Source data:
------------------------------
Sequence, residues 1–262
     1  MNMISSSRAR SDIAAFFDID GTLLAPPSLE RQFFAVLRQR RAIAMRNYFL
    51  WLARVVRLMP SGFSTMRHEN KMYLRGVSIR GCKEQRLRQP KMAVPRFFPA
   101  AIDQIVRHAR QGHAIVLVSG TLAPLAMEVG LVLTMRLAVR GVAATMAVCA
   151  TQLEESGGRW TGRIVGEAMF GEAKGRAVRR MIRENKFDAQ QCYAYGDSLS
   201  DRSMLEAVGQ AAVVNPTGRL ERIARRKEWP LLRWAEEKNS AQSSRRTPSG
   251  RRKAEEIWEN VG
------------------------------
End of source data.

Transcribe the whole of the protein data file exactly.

Sequence, residues 1–262
     1  MNMISSSRAR SDIAAFFDID GTLLAPPSLE RQFFAVLRQR RAIAMRNYFL
    51  WLARVVRLMP SGFSTMRHEN KMYLRGVSIR GCKEQRLRQP KMAVPRFFPA
   101  AIDQIVRHAR QGHAIVLVSG TLAPLAMEVG LVLTMRLAVR GVAATMAVCA
   151  TQLEESGGRW TGRIVGEAMF GEAKGRAVRR MIRENKFDAQ QCYAYGDSLS
   201  DRSMLEAVGQ AAVVNPTGRL ERIARRKEWP LLRWAEEKNS AQSSRRTPSG
   251  RRKAEEIWEN VG